We all know by now that Tesla and Elon Musk are very much the leaders in car technology, so it is only natural that the cutting edge interior on the new Tesla Model S has been likened to the iPad.
We exposed the hidden settings on the Model S here and we have more insight into this awesome car.
iPads are quickly becoming part of our everyday lives, few of us can go without using some form of mobile device. We humans are open to the interaction, the slick ease of use and are almost reliant on how helpful the technology is in our lives. It is no surprise therefore that Tesla are trying to implement a similar user experience within their new S Model, and they have done it very well.
The guys over at consumer reports illustrate the similarities between the Tesla S Model and the iPad very nicely…
Imagine driving while using your iPad to play music, and look at Google maps. Now imagine your iPad is built into the car and also runs your climate control, phone, and even basic car controls, such as braking, steering, suspension, and sunroof settings. Oh, and it’s much bigger than a standard iPad…
That’s what it’s like driving a Tesla.
We found the system overall is quick and easy to use, but the potential for distraction is very real. The only physical controls in the cockpit-meaning those not in the touch-screen-are the shifter, turn signals, wiper, and hazard lights.
Without physical buttons to feel for, you need to look away from the road to target the screen when wanting to make adjustments. And some functions require going two or three menu pages deep into the system.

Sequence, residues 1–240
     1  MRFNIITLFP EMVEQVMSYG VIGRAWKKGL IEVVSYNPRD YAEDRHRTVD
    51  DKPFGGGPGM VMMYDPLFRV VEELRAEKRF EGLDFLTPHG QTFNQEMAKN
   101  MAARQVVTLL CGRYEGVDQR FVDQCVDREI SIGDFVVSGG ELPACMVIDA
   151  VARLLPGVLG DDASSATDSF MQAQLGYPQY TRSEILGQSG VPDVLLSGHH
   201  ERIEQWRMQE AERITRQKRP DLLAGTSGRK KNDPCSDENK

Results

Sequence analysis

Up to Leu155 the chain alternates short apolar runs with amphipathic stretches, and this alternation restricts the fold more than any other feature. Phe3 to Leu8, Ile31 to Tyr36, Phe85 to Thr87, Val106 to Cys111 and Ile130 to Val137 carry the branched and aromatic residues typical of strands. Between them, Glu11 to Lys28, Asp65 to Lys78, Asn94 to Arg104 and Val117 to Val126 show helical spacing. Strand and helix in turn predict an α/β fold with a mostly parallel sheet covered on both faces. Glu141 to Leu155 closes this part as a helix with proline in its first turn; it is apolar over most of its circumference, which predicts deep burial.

What helps the ease of use and “wow” factor is that the touch-screen display is huge, measuring 17 inches diagonally. For contrast, this dwarfs a 10-inch iPad and 8-inch MyFord Touch screen. The generous screen real estate makes the large, virtual buttons easy to find and press while you’re driving-a far cry from the tiny little targets common on other in-car displays. Fonts are big, and the screen layout is very logical, aided by large, clear graphics. Nice touches abound, such as when you turn on the headlights, the on-screen car’s lights turn on, as well.
Like the iPad, several functions use swiping and dragging to scroll, including going through entertainment options and to opening the sunroof to any position. You can even pinch to zoom the Google maps, making it feel much like operating a large tablet computer.
We found that the system is fast-unlike MyFord Touch-and responsive. Based in the heart of Silicon Valley, Tesla has hired coders from Apple to design the software. And it shows. According to company representatives, the system is faster and more responsive than other in-car control screens, because the software developers wrote in code native to the processor, rather than using a compiler as other software developers have done. That’s apparent. Swipe motions that are cumbersome in Cadillac’s CUE work easily here.
We get so excited with every Tesla announcement made such is their innovation. We can’t wait to see what comes next from them!